Functional theory Edit
The functional theory looks at how counterfactual thinking and its cognitive processes benefit people. Counterfactuals serve a preparative function, and help people avoid past blunders (Walker & Smith, 2002). Counterfactual thinking also serves the affective function to make a person feel better. By comparing one’s present outcome to a less desirable outcome, the person may feel better about the current situation (1995). For example, a disappointed runner who did not win a race may feel better by saying, “At least I did not come in last.”
Although counterfactual thinking is largely adaptive in its functionality, there are exceptions. For individuals experiencing severe depressive symptoms, perceptions of control are diminished by negative self-perceptions and low self-efficacy. As a result, motivation for self-improvement is weakened. Even when depressed individuals focus on controllable events, their counterfactuals are less reasonable and feasible (Markman & Miller, 2006). Epstude and Roese (2008) propose that excessive counterfactual thoughts can lead people to worry more about their problems and increase distress. When individuals are heavily focused on improving outcomes, they will be more likely to engage in maladaptive counterfactual thinking. Other behavior such as procrastination may lead to less effective counterfactual thinking. Procrastinators show a tendency to produce more downward counterfactuals than upward counterfactuals. As a result, they tend to become complacent and lack motivation for change (Sirois, 2004). Perfectionists are another group for whom counterfactual thinking may not be functional (Sirois et al., 2010).
Psychological Processes behind Goal-Directed Actions Edit
Past studies have shown that counterfactuals serve a preparative function on both individual and group level. When people fail to achieve their goals, counterfactual thinking will be activated (e.g., studying more after a disappointing grade; Epstude & Roese, 2008). When they engage in upward counterfactual thinking, people are able to imagine alternatives with better positive outcomes. The outcome seems worse when compared to positive alternative outcomes. This realization motivates them to take positive action in order to meet their goal in the future (Milesi & Catellani, 2011; Roese, 1994).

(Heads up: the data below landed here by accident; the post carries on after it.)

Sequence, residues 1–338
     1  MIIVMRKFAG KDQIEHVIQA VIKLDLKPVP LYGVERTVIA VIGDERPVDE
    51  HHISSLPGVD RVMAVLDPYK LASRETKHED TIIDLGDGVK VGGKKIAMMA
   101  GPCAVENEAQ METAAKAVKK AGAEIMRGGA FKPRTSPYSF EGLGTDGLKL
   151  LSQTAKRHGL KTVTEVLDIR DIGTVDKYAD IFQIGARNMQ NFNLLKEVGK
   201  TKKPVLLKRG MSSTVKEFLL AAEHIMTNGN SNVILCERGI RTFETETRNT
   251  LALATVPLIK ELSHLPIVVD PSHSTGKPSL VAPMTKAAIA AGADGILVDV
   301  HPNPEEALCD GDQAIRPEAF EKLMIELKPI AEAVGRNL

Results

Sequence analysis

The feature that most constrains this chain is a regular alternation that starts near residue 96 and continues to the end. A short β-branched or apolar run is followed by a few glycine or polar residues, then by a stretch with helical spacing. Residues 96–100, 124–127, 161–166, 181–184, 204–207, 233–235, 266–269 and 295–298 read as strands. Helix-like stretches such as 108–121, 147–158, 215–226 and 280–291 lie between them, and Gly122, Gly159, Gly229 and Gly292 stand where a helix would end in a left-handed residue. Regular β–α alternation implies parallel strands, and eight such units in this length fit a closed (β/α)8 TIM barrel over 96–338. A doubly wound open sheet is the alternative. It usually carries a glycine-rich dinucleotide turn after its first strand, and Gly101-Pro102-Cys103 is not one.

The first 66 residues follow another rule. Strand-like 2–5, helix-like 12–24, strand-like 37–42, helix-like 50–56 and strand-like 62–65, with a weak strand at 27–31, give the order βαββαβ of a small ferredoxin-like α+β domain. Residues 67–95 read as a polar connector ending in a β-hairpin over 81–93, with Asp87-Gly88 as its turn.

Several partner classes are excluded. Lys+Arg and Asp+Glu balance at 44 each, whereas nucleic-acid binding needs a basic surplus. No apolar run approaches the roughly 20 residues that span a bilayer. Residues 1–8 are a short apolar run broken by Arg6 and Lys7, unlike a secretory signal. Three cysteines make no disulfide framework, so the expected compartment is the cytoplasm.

Markman et al. (1993) identified the repeatability of an event as an important factor in determining what function will be used. For events that happen repeatedly (e.g., sport games) there is an increased motivation to imagine alternative antecedents in order to prepare for a better future outcome. For one-time events, however, the opportunity to improve future performance does not exist, so it is more likely that the person will try to alleviate disappointment by imagining how things could have been worse. The direction of the counterfactual statement is also indicative of which function may be used. Upward counterfactuals have a greater preparative function and focus on future improvement, while downward counterfactuals are used as a coping mechanism in an affective function (1993). Furthermore, additive counterfactuals have shown greater potential to induce behavioral intentions of improving performance (Epstude & Roese, 2008). Hence, counterfactual thinking motivates individuals into making goal-oriented actions in order to attain their (failed) goal in the future.